Air Quality Management - Low Cost Environmental Monitoring
Drew Hill, Transport Scotland, Jacqueline Barr, IBI Group
This paper will discuss low cost environmental monitoring equipment being investigated by Transport Scotland. The locations, reason for selection and their use as an input to the environmental monitoring and prediction tool will also be covered.
Traffic-related air pollution is increasingly shown to have negative health effects according to a growing body of epidemiologic evidence and is a substantial public health concern.
The initial phase of the project covered a series of air quality and noise assessments by piloting low cost sensors at locations where the Transport Scotland road network meets Local Authorities networks in a the vicinity of built–up areas. It also examines the environmental monitoring technologies available, the possible metrics, and how this data correlates to more established methods.
Locations have been selected for the project based on a variety of criteria (trunk road proximity to urban areas, planned trunk road schemes, availability of traffic data, availability of modelled data); inclusively to incorporate a range of Scottish town and city locations. We are working in partnership with Local Authorities during the rotations pulling all data noted above and bringing in additional data; i.e. LA Monitoring Station / AURN data, weather data. Each rotation will last 4 weeks and give an idea of the “real-life” performance of the sensors and if the environmental data / trends could potentially be used as an input to the wider, integrated environmental monitoring and prediction tool.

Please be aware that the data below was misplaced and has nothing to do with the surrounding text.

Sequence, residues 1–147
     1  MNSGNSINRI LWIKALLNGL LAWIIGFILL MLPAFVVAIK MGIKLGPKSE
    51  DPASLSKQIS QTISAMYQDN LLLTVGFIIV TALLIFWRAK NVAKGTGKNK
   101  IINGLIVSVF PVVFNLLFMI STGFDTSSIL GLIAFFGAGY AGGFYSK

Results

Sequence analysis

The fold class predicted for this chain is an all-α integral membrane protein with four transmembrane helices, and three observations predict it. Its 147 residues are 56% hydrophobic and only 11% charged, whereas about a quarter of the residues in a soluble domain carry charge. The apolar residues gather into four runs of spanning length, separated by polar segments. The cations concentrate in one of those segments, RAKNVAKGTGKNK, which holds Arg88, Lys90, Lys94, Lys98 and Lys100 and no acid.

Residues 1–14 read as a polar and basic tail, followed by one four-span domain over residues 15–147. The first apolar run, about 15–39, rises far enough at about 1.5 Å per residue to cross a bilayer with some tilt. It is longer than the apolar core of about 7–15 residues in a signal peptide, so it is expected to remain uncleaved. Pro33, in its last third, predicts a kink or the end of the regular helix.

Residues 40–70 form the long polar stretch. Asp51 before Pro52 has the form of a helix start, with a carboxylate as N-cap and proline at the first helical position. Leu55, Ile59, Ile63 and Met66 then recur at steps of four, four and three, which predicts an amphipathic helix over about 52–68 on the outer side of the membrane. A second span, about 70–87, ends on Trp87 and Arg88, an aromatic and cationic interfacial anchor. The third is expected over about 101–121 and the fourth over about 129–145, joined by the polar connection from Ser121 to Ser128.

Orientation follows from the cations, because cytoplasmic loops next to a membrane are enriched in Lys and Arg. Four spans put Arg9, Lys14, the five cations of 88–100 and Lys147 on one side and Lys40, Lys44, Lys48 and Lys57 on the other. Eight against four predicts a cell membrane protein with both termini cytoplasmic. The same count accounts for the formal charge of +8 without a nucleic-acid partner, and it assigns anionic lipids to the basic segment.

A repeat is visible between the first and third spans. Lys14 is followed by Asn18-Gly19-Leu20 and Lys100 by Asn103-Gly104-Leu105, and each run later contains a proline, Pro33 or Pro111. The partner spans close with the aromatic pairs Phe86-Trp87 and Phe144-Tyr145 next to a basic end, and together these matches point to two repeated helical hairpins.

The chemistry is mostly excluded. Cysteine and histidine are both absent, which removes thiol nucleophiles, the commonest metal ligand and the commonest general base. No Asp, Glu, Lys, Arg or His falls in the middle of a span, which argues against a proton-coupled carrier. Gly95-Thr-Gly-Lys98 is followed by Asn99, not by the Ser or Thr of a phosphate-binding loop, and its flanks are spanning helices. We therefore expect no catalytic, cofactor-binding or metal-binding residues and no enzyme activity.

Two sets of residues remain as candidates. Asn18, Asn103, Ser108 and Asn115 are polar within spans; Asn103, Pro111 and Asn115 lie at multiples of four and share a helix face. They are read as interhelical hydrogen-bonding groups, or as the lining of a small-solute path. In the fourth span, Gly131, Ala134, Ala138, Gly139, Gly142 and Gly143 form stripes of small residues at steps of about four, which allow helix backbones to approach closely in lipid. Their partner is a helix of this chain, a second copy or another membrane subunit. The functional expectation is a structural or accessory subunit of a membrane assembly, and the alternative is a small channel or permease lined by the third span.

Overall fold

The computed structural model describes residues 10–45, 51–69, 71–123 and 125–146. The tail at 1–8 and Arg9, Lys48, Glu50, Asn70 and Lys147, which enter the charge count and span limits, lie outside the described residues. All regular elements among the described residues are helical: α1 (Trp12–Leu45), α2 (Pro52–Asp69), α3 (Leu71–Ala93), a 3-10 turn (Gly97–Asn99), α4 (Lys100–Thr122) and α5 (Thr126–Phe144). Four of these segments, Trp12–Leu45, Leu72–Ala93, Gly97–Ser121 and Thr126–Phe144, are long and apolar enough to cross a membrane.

This is only one part of the wider aim - ultimately working toward integrating the sensor, traffic, modelled emissions, and weather data into a prediction algorithm to forecast the impact of emissions in real-time. This output could then be used to provide environmental information messages to the public (using web, apps, VMS), advisory information (i.e. use public transport or P+R facilities) and control mechanisms (i.e. traffic signal timings, overhead motorway gantry controls).
Considerable work has been undertaken to date benchmarking sensors against industry standard equipment and it is the intention that by March 2014 the first of the rotations will be underway. We will present on the technologies trialled, data validation exercise, and results of the rotations that will have been undertaken to date. During 2014 work will also begin on the integrated environmental monitoring tool.
Association for European Transport